Book: My Stroke of Insight: A Brain Scientist’s Personal Journey
My grandfather had a stroke when he was 80. He lived another three years, trapped in his mind. Whenever I saw him, I think he recognized me, but he couldn’t really speak and had trouble reacting to anything I said to him. He was clearly very frustrated, and often angry – not at me, but at his inability to communicate. I’ve always imagined that inside his mind he knew everything that was going on, but he just couldn’t get the words out.
A few months ago I watched Jill Bolte Taylor’s incredible TED talk about her stroke and wrote about it in my post I’ve Found Nirvana. I thought it was stunningly awesome and bought Taylor’s book My Stroke of Insight: A Brain Scientist’s Personal Journey.
I read Taylor’s book tonight. I wish I had read this book when my grandfather had his stroke. Taylor is a brain scientist so she combines her intensely personal experience with a deep understanding of how the brain works. She presents this in a way that is easily understandable and directly ties it to her experience. While she acknowledges that there is much to learn, I found her description of what happened and her subsequent analysis to be extremely accessible.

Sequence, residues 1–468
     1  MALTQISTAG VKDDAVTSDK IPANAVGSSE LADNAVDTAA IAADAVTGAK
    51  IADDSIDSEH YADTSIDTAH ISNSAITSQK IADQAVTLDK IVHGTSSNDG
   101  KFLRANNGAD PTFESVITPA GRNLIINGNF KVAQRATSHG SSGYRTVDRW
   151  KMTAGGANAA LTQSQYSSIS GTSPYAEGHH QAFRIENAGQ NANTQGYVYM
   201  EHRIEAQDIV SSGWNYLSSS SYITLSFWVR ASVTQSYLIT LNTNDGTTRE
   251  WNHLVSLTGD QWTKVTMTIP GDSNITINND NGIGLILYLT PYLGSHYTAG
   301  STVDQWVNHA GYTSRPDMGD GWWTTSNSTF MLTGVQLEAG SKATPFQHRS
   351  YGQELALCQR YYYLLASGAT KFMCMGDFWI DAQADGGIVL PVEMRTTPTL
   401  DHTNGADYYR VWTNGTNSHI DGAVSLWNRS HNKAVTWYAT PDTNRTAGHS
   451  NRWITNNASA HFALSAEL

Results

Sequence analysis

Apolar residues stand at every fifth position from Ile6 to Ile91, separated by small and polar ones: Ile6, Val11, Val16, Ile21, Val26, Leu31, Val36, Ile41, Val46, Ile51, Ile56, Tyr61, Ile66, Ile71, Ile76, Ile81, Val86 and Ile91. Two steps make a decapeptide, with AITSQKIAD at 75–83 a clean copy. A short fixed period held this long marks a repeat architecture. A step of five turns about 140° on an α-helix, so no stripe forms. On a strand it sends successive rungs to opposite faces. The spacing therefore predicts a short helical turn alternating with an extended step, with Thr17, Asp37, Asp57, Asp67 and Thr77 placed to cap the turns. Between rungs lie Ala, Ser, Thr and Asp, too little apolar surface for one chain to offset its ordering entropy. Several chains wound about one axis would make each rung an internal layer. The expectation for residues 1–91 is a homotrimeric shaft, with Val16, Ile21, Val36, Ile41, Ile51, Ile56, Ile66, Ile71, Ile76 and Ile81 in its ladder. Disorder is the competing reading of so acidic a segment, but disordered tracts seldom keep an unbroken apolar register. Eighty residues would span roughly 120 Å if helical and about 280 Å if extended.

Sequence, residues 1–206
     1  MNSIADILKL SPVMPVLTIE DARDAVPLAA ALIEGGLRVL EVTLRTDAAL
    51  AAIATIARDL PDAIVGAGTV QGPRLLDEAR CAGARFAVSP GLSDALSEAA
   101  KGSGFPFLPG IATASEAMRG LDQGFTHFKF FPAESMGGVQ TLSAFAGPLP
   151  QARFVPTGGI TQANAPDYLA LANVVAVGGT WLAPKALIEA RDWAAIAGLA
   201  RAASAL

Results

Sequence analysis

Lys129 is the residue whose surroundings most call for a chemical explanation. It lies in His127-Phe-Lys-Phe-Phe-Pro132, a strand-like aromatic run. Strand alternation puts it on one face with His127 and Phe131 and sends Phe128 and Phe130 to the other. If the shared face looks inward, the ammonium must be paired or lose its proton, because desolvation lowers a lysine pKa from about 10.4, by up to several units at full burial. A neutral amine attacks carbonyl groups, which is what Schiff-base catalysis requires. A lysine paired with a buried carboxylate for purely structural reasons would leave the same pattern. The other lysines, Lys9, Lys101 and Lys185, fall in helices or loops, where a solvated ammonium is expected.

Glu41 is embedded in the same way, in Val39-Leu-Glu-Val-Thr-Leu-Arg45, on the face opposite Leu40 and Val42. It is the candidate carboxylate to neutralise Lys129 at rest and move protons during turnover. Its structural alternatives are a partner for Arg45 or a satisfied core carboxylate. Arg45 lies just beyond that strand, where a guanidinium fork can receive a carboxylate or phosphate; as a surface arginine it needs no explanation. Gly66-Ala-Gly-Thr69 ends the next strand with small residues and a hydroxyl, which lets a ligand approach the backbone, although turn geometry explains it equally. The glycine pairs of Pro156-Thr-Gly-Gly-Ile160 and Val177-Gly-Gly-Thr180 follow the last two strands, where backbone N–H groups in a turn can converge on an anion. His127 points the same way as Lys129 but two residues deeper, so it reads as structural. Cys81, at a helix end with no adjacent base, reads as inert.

She covers her eight year healing process with a focus on the first year. The puzzle pieces fit together brilliantly. While they are very Jill Bolte Taylor specific, she provides a superb roadmap for helping anyone who has had a stroke to heal.
On top of all of this, Taylor spends a lot of time talking about what she’s learned from this experience, how she’s changed how she thinking about life, and how she’s modified her own life view to have a much more positive experience on this planet.
If someone close to you has had a stroke, this book is a must read right now. Given the prevalence of stroke in our society, I’d encourage everyone to read it, for at some point it’s highly likely that someone close to you (including yourself) may have a stroke of some sort. I know that if it every happens again in my world, I’ll have an substantially better understanding of – and capacity for – being helpful.